O Lord, dear God, these things strike terror to my heart. Could such a thing possibly be? Is it possible that a man can so sully his day of grace, and so say “no” to the overtures of God’s mercy, that he is shut out and separated from the presence of God and the Lord’s redeemed forever and ever and ever? O Lord, could such a thing be?
And then, in my own pastoral work, I see that separation. I see it down every street. I see it many times in almost every family. It is not a theological proposition; it is not an ecclesiastical doctrine, it is the harshest, most tragic of all of the facts that I face in human life, that great separation, that gulf in between. I have to close.
One of my deacons went on the other side of the railroad tracks to hold a revival meeting. And on a weekday morning, I went to the service to encourage him. He did something that day I’d never seen anyone do. He started at the back of that little church and asked each one present if he had a burden on his heart. And if that one had a burden on his heart, he’d ask, “What is it?” And then when that one described the burden on his heart, then we’d all bow, and he’d ask that one to pray, and we’d pray for the burden on the heart.
He went all through that little congregation to the little woman seated on the rough bench in front of me. She had a baby in her arms and another little fellow just big enough to play on the bench by her side and just big enough to begin to talk. When he got to that little mother, he said, “Little mother, do you have a burden on your heart?” And she said, “Yes.” He said, “Well, what’s the burden on your heart?” And she said, “Oh, that my husband might be saved.” He said, “Now let’s all bow our heads, and little mother you lead the prayer that your husband might be saved, and we’ll all pray with you.” So we all bowed our heads, and I bowed my head waiting for the little mother to pray for her husband, that he might be saved. She didn’t pray. She began to cry.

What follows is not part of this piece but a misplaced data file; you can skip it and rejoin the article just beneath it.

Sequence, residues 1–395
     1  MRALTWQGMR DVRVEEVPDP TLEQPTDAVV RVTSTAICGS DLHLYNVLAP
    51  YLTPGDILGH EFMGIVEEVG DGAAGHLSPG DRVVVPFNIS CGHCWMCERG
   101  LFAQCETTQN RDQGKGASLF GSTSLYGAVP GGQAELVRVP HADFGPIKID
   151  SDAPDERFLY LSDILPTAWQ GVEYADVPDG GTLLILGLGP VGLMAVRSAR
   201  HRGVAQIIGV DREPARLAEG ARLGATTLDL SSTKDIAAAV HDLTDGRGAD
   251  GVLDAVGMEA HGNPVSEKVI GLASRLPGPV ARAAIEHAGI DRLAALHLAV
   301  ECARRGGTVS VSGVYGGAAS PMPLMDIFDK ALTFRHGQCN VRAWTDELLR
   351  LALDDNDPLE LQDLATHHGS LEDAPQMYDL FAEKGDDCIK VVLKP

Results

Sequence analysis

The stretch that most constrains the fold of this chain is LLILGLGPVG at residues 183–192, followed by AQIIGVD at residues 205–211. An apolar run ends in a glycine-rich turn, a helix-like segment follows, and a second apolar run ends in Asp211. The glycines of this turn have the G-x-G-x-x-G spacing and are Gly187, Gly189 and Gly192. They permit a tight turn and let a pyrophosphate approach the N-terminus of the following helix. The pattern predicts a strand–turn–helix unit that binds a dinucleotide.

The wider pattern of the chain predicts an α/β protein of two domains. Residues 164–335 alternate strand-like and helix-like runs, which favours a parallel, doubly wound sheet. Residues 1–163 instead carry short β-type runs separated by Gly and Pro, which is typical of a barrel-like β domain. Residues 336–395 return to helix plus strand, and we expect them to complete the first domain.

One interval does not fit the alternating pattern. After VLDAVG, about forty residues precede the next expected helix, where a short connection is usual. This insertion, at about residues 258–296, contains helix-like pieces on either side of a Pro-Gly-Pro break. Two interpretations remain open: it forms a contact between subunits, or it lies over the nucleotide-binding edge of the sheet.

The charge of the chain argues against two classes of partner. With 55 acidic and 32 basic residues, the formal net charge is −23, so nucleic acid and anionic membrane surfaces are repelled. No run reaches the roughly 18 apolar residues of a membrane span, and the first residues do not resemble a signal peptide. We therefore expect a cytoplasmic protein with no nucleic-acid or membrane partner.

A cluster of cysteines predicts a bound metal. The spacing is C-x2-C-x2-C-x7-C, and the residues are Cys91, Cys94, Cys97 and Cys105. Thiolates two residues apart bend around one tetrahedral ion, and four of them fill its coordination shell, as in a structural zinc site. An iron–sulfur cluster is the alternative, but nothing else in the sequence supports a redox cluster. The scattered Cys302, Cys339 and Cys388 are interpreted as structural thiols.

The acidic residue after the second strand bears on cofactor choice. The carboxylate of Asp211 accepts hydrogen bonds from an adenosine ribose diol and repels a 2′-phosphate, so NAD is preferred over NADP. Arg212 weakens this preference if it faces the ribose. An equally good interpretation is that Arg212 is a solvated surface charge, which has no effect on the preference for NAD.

And the deacon paused, and she just cried and finally sobbed aloud. I stood up, and I said, “Deacon, if you don’t mind, let me pray in her stead.” So I prayed for her husband that he might be saved. And after the prayer I sat down. And when I opened my eyes, the little boy playing by her side was looking in astonishment in the face of his mother, and watching the tears fall down. He said, “Mother, what you crying for? What you crying for?” She never did answer. He finally worked himself into her arms, put his little chubby hands around her neck and then repeated his question, “Mother, what you crying for? What you crying for?” The mother never did reply. But seated back of her, I could look straight into the wide open innocent eyes of the little boy; and I thought in my heart as I looked at him, “Sonny boy, you’re too young to understand, you don’t know why Mother cries; but someday you will, someday you’ll understand,” the great gulf in between God’s saved and God’s redeemed, and those who reject the love and mercy of the Lord [Luke 16:26].